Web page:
EMMANUEL Macron has been warned his threat to block Christmas shipments as a “political lever” in Brexit fish talks could cost France billions.
Ministers are drawing up plans to divert huge chunks of trade away from Calais to stop the French President holding us to ransom in future.
And freight firms are already flocking to North Sea routes via Belgium, the Netherlands, and Scandinavia after being “spooked” by his sabre-rattling.
Transport Secretary Grant Shapps has ordered a review of capacity at ports along Britain’s east coast with a view to increasing their use.
Last night Government insiders warned Paris they won’t stand by and let it use the threat of trade disruption as a weapon in every cross-Channel spat.
A source told UK Times: “The ideal would always be that the Short Straits route between Dover and Calais runs smoothly, clear of political interference.
“But the Government has a responsibility to ensure supply chain resilience, not only for Christmas but in the long term.
“France is one of our oldest and closest allies but we cannot have Dover-Calais forever used as a political lever, which can be pulled during some periodic spat.
“If that is the case then we must look for more robust alternatives in direct routes to Belgium, the Netherlands, Germany and Scandinavia.”
Mr Macron has threatened to snarl up traffic by ordering extra checks on lorries if he isn’t granted more fishing licences.
That would rip up the “green lane” system in the Brexit trade deal under which trucks just transiting France shouldn’t be stopped.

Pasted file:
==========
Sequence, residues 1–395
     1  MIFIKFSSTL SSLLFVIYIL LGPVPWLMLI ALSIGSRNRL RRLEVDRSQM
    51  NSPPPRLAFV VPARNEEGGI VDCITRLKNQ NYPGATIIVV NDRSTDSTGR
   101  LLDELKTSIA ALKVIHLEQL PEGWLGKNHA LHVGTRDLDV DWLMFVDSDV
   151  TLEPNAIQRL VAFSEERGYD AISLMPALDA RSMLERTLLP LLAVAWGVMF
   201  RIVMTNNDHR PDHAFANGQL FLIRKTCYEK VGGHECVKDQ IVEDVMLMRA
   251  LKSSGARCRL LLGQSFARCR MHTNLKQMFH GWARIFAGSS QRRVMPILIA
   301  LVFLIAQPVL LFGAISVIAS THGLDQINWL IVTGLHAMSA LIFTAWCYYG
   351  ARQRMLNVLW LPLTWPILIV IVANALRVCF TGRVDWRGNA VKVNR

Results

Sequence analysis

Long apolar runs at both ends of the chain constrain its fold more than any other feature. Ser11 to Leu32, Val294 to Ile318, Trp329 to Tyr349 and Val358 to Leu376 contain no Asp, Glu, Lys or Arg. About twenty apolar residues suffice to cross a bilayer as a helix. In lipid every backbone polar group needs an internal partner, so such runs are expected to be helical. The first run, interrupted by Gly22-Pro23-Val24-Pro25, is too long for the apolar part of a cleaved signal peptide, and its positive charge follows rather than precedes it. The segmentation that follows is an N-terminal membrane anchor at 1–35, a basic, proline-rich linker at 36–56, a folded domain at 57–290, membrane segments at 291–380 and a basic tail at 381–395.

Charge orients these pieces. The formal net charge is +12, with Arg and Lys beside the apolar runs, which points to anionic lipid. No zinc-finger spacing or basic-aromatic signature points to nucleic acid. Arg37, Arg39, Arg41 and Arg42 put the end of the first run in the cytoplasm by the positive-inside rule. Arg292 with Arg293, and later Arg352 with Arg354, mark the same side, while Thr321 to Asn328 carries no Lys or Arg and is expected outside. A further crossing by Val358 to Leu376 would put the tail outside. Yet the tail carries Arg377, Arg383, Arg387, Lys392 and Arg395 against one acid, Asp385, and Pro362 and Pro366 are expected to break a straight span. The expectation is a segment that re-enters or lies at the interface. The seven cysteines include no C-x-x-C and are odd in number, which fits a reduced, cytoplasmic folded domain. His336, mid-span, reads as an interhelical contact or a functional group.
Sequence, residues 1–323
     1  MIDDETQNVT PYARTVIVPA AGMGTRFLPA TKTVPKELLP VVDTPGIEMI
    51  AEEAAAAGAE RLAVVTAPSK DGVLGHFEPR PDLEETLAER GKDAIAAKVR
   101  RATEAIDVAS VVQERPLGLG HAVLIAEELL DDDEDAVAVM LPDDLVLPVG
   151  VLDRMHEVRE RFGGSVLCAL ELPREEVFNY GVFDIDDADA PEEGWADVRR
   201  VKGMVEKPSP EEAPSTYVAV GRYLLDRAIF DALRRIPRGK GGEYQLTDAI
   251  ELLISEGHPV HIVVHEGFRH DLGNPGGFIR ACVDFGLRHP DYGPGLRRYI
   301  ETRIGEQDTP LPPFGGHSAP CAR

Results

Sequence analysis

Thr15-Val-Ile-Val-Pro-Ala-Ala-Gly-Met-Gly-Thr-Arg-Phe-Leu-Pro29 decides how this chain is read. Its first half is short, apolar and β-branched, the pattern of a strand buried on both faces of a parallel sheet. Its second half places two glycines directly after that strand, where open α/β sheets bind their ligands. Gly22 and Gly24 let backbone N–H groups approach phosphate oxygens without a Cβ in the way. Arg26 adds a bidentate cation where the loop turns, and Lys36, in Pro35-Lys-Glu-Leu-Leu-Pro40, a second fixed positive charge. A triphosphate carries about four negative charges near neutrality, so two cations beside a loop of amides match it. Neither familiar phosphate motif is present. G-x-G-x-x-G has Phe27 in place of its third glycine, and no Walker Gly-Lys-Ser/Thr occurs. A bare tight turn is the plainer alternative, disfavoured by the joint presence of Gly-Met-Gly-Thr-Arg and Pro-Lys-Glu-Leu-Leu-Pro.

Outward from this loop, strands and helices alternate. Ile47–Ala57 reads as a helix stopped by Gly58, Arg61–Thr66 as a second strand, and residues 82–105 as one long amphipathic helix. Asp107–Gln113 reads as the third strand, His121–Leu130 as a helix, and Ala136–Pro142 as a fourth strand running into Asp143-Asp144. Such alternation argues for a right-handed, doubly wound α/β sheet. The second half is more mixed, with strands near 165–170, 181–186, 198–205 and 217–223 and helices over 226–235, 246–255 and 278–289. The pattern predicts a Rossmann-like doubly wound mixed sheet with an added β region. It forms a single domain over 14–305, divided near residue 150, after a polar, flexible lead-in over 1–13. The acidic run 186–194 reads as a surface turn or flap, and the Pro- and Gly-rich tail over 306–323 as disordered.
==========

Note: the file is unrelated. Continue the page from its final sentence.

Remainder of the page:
His posturing threatens France’s long-held status as the continent’s £120bn a year trade gateway to Britain.
The Calais region – one of the country’s poorest and a stronghold of the far-right – would be decimated by a reduction in business.
One industry insider said of the threats: “It spooks hauliers. They’ve got to provide security and efficiency for their customers.
“If they can’t guarantee that in one place, they’ll follow the easiest routes where they can.”
The French President also sparked “chaos” last Christmas by banning British lorries for 48 hours over Covid fears.
One shipping source said both events had made it “hit home” with firms “how reliant” they are on French whims.
Another added: “We’ve been telling ministers they need to diversify supply chains and promote resilience across the UK.”
Experts say there has been a sharp rise in the amount of goods being shipped via the North Sea since Brexit.
Many high end items already go through ports like Rotterdam, where lorries don’t have to run the gauntlet of migrants.